I’m not the world’s greatest fan of the American musician and rapper Machine Gun Kelly. In fact, I couldn’t even tell you one of his songs. But, like many people, I do enjoy paying attention to success and ‘MGK’ – as the distinctively white Cleveland-born 28-year old is known – appears to have it in spades.
His recent stoush with Eminem has dominated entertainment headlines for months, catapulting Kelly to mega-stardom, listens, views, likes and all the other instruments we attribute to modern day success.
But it was in 2015, prior the rapper’s current fame, where I remember his response in an interview to the ‘up and down’ nature of his then-comparatively small success:
There’re those days where you wake up and you’re like, ‘I hate this, I don’t think it’s going to last, I’m not where I want to be’…. Other days you’re like ‘I’m the best la di da’… Some days I wake up and I’m performing in front of 20,000 people and then the next day you wake up and there’s 60 people… It’s such a crazy rollercoaster ride…. You spend three years on a project [and] by the time you put it out you don’t know if you like it anymore, you don’t know if anyone is going to listen to it. You don’t know anything. And especially since I don’t have a big celebrity friend list to, like, promote my sh**, and I don’t have a big radio presence either… [So] when [my album] came out and went number one I was like ‘woah I didn’t see that coming’…
Rapping and stardom aside, I feel there’s a great deal here that can apply to any degree of success or breakthrough. As we know, at any stage in our careers, any win – big or small – can be quite a bizarre experience.
My own humbled example has come after the release of my recent book – Winners Don’t Cheat: Advice for young Australians from a young Australian. To be a published author is certainly an accolade I’d never thought I’d achieve. But there are two factors that have arrived with such an experience. First, you’re confused by the nature of demand – one day there’s a lot of interest and the other there’s very little. And second, at times you can possess that unhelpful impulse to look at other people’s successes and think ‘how is that going so well but my efforts aren’t?’.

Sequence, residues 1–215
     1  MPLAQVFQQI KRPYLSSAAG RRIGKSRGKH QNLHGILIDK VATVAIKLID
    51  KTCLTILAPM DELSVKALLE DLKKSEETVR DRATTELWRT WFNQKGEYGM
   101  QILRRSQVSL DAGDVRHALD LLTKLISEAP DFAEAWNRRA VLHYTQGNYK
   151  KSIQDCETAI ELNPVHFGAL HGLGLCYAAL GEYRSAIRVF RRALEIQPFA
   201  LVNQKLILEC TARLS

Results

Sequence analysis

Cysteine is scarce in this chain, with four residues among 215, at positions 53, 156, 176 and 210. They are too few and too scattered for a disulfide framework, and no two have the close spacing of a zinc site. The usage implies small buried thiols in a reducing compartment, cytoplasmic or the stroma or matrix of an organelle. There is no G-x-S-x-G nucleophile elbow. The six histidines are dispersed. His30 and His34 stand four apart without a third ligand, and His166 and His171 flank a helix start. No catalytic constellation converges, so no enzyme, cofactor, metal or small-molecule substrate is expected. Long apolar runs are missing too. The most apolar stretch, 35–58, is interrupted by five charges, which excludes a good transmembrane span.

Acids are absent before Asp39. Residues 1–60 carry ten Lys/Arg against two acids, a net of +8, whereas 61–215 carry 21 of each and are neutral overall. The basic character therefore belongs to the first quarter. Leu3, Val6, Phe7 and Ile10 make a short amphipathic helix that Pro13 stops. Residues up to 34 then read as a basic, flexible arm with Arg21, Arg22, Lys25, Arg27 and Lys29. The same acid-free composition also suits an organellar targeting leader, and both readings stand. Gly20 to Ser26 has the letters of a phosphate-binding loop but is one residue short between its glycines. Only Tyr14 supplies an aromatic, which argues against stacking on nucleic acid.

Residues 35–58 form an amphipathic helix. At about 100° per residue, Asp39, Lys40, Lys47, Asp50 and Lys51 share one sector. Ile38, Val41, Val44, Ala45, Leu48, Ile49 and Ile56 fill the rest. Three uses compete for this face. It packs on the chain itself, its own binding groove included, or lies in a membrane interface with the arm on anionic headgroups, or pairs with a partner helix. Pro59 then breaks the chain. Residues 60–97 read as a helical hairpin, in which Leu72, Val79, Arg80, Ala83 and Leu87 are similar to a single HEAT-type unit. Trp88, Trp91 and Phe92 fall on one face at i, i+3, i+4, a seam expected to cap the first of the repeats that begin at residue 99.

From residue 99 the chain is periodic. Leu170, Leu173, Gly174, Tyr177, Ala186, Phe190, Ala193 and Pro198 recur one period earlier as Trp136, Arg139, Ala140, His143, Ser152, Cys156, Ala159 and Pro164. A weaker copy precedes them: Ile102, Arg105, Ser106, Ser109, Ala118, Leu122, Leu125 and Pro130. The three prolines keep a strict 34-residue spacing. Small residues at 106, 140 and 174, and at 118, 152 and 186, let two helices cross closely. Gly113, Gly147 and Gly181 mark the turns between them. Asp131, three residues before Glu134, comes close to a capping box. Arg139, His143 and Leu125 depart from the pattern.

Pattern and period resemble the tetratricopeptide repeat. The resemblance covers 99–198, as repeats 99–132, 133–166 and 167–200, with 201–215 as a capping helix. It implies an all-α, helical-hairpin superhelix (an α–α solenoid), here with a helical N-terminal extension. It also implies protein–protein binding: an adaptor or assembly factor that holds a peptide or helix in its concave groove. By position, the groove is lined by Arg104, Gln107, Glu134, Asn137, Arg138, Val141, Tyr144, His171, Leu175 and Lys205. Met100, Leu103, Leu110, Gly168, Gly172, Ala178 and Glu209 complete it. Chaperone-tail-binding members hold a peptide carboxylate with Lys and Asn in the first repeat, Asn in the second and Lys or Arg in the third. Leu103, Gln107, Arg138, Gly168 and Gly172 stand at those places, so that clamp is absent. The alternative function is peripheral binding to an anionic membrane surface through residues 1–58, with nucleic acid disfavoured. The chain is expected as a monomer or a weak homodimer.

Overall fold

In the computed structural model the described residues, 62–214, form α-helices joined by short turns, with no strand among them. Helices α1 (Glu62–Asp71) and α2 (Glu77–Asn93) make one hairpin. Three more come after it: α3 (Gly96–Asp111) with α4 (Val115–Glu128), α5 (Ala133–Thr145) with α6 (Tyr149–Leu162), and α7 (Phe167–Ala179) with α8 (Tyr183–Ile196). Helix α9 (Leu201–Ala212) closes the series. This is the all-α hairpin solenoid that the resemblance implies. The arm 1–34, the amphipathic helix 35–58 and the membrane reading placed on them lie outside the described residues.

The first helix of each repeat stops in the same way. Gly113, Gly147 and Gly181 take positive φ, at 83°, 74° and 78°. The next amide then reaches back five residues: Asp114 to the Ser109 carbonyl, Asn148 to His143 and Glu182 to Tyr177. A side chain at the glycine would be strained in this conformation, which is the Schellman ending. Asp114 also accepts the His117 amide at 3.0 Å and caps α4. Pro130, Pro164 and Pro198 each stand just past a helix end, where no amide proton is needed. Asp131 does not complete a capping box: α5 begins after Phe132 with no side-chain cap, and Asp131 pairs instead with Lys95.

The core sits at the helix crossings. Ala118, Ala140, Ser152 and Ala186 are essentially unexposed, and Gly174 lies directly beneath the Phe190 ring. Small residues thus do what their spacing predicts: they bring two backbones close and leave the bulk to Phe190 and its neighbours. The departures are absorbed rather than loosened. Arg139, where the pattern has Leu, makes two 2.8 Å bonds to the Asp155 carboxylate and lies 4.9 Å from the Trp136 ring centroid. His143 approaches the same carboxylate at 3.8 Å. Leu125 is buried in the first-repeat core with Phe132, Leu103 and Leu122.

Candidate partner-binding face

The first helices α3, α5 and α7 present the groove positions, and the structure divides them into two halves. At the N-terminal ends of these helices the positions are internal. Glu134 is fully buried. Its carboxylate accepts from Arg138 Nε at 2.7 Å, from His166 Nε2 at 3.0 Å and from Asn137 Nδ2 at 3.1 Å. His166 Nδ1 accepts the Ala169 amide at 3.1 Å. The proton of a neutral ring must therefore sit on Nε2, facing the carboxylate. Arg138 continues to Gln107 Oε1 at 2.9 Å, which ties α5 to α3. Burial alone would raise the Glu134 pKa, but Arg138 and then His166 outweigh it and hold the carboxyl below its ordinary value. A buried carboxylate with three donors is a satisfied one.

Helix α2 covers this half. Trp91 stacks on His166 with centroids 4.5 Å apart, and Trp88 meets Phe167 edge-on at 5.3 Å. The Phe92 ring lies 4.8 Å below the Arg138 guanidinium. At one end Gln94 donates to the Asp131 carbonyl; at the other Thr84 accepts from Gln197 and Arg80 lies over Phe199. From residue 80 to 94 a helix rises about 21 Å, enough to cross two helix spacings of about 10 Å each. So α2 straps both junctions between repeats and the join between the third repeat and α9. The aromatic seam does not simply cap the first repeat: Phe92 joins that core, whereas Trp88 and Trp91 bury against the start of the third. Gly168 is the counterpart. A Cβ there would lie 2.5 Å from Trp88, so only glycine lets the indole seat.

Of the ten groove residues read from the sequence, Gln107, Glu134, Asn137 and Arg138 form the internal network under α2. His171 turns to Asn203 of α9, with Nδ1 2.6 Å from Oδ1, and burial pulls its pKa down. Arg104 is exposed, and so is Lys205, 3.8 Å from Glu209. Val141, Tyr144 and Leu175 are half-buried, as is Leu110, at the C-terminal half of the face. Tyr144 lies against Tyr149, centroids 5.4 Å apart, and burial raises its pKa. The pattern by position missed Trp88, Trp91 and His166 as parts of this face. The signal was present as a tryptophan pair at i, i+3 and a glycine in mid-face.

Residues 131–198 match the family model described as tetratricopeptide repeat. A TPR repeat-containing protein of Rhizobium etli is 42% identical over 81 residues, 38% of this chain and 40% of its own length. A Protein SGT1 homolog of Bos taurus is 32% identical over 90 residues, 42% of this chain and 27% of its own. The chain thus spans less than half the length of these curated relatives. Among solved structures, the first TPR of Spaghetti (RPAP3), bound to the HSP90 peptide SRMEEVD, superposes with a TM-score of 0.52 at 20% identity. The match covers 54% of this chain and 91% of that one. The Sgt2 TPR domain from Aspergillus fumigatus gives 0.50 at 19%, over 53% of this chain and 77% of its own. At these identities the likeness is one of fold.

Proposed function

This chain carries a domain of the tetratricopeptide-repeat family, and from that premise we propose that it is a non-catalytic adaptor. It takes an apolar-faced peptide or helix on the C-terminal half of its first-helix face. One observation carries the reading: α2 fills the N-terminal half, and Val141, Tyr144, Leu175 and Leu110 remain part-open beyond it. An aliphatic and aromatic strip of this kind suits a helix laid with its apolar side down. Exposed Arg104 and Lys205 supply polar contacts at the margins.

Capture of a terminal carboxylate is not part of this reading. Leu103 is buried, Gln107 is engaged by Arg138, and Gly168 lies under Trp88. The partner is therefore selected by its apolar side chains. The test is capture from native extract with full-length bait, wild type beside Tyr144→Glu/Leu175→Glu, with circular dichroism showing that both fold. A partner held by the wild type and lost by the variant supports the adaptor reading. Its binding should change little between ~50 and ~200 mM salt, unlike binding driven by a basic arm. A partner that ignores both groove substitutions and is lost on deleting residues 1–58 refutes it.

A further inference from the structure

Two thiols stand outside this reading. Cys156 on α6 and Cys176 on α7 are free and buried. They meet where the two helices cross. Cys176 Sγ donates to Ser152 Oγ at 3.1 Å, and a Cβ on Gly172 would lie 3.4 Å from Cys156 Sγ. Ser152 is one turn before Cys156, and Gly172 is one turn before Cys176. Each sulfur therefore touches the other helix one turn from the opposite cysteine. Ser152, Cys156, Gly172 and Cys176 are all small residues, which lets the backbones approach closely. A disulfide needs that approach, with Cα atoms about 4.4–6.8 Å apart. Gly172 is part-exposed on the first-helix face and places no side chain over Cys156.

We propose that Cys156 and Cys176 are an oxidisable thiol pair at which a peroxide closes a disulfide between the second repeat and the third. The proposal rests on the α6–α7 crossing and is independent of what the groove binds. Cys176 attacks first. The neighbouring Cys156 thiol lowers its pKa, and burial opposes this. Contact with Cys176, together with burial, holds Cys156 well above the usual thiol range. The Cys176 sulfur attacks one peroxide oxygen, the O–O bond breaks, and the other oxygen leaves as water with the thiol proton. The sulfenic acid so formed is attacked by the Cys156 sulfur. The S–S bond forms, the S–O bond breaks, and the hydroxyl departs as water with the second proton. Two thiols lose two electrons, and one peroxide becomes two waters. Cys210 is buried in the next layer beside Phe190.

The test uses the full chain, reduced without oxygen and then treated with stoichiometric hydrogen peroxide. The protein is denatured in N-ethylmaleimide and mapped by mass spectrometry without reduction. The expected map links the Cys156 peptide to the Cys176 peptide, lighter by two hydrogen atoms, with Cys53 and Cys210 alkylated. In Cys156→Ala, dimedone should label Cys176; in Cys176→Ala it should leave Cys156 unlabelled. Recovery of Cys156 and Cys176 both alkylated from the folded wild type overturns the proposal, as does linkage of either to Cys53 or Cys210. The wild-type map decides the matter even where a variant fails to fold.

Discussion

Again, regardless of what stage we’re at in our careers or lives, we can all take something from this. And to help weather the storm there are two further points to keep in mind. The first is being able to have some sort of plan, while the second is to constantly keep focusing on your own your efforts, talents and craft.
One of the key appreciations I’ve developed over the years is how difficult it is to keep doing good work, month on month, year on year and even decade upon decade. I’ve refined my appreciation, for example, for a musician who can keep putting out number one albums – a Jay-Z or a Madonna – or speakers who can draw hundreds of thousands of people – a Jordan Peterson or a Les Brown. In fact, we don’t even need to look at world beaters to see people doing impeccable and consistently good work.
To be fair, this was something I realised well before I wrote the book. Yet part of my own humbled experience is not just recognising the importance of sound habits, which help in the times you’re not motivated, but also having some sort of ‘plan’ to keep rigour to your efforts.
“In preparing for battle I have always found that plans are useless,” as the American General and President Dwight Eisenhower said, “but planning is indispensable.” Eisenhower, of course, knew something about best plaid plans, having coordinated one of the largest invasions in military history.